control of South Africa.
 Brutal conflict that resulted in the death of thousands of blacks
and whites.
 Boers defeated.
 Union of South Africa, a large, autonomous British dominion
was eventually formed and was made up of Afrikaners as well as
British settlers.
European Imperialism
 The Scramble for Africa
 The Berlin Conference 1884-1885


Defining political event in the partition of Africa.
European countries delineated acceptable strategies for
carving the African continent into European colonies
 Only Ethiopia and Liberia remained independent of European
control.
 Burdens of Imperialism in Africa


Many European countries thought that their African colonies
would become self-supporting, but such perceptions were
wrong.
African colonies proved to be expensive and difficult to
maintain.
European Imperialism
 European Imperialism in the Pacific
 Imperialism in the Pacific took two main forms: settler
colonies, as in Australia and New Zealand, and commercial
bases, as on most of the Pacific Islands.
 Australia and New Zealand


Europeans began to settle there in the late 1700s
Impact on the indigenous people was profound
 Pacific Islands
 French – Tahiti
 Britain – Fiji
 Germany – Marshall Islands
 Natives on all islands suffered greatly from European diseases
The Emergence of New Imperial
Powers
 Through much of the nineteenth century imperialism was a
European affair, rapid industrialization and a fear of being
excluded from global influence lead Japan and the U.S. to seek
imperial status.
 U.S. Imperialism in Latin America and the Pacific
 Monroe Doctrine – Established the U.S. as a protectorate of all the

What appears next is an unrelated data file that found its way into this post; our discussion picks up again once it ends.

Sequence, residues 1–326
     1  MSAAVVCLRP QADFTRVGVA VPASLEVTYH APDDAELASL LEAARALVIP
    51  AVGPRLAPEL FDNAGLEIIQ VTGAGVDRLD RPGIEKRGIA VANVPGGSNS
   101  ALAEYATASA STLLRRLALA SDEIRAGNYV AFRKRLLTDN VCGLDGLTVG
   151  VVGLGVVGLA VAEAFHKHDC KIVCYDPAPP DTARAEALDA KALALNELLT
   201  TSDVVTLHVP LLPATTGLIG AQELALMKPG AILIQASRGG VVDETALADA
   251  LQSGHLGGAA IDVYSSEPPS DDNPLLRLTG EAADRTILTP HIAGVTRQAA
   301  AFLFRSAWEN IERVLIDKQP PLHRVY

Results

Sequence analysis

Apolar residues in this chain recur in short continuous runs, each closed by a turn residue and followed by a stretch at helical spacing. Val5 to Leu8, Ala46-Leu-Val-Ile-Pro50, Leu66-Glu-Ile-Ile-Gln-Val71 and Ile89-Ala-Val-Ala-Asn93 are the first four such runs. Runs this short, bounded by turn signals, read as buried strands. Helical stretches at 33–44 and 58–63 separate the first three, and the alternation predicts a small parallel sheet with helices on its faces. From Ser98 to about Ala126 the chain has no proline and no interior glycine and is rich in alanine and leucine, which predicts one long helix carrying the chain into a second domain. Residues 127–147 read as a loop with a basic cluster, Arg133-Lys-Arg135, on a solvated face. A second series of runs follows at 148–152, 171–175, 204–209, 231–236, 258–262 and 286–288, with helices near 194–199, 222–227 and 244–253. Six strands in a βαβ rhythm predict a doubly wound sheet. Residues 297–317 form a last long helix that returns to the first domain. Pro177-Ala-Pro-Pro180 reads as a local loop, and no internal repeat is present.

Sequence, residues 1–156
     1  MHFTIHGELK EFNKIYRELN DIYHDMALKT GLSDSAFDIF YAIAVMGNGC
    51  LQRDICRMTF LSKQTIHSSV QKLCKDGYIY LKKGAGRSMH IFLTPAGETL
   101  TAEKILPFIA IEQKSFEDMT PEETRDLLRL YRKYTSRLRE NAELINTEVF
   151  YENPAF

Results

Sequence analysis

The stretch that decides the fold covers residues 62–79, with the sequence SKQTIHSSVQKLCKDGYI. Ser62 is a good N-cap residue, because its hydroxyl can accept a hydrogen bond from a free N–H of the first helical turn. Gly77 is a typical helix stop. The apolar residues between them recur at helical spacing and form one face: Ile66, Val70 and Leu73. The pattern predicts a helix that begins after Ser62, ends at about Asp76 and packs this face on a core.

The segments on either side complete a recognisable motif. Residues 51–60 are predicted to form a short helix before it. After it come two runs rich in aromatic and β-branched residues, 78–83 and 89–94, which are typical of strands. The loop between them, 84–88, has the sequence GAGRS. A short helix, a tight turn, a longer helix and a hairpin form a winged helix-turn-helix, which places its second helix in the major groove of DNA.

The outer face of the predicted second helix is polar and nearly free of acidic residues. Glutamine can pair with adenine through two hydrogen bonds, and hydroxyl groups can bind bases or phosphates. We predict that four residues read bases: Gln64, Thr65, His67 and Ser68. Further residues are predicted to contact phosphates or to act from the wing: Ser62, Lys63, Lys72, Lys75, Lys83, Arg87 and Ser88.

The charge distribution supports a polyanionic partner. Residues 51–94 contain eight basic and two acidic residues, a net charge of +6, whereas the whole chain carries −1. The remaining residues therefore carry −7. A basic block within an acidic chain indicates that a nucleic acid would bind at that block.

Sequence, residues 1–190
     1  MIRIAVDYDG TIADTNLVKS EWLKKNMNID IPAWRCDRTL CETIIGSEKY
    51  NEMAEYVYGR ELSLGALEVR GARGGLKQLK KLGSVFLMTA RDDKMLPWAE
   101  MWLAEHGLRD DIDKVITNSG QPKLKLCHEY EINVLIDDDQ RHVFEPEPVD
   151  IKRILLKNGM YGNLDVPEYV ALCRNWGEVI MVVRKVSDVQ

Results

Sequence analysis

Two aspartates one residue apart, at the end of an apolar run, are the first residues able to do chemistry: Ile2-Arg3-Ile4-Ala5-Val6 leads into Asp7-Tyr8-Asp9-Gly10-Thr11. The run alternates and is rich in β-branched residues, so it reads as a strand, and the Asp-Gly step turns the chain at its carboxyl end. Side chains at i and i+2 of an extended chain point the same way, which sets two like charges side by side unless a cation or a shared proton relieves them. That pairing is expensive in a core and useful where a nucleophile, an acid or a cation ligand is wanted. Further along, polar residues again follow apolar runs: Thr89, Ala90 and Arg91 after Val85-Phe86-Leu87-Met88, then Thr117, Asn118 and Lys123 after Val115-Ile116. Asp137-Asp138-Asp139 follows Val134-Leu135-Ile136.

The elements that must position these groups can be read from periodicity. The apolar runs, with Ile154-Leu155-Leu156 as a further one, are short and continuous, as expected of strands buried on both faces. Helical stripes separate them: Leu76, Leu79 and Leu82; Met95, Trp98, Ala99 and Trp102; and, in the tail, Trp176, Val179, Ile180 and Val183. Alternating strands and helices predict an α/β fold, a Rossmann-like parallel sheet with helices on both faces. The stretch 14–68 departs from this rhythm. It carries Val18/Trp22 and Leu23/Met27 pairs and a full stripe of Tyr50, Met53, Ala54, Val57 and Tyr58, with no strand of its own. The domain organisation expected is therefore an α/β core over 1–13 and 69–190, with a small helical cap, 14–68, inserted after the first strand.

Americas.
 New lands

Alaska (1867), Hawaii (1898), Cuba, Puerto Rico, Guam, and the
Philippines (1898 Spanish American War)
 Roosevelt Corollary – 1904 became part of the Monroe Doctrine and
stated the U.S. right to intervene in the domestic affairs of nations
within its hemisphere, if those nations were unable to maintain the
security necessary to protect U.S. economic interests.
The Emergence of New Imperial
Powers
 Imperial Japan
 Demands of industrialization and the dissatisfaction at
the treatment by the U.S. and the European powers in
the 1860s pushed Japan to raise its profile in the world.
 Sino-Japanese War (1894) – Japan v. China for control of
Korea. Japan wins and establishes control of Korea,
Taiwan, and other formerly Chinese islands in east Asia.
 Russo-Japanese War (1904-1905) – Japan v. Russia for
control of parts of Russian east Asia and Manchuria.

Japan wins.
Legacies of Imperialism
 Empire and Economy
 Globalized economy surged during the nineteenth and
twentieth centuries
 Traditional economies in imperialized nations suffered
 Labor Migrations
 Imperial power encouraged mass migration of laborers during
the nineteenth and early twentieth centuries to exploit the
demand for natural resources and agricultural products.
 Empire and Society
 Movement of workers produced multicultural societies
 Imperialism bread racism


Scientific Racism – Pseudo scientifically based
Popular Racism – Opinion based
Legacies of Imperialism
 Nationalism and Anticolonial Movements
 The responses of the subjugated peoples to European,
American, and Japanese imperialism was to eventually
breed anti-colonial responses and ultimately nationalist
movements.

India’s response to British imperialism is the most profound
example!

Chapter 33 The Building of Global Empires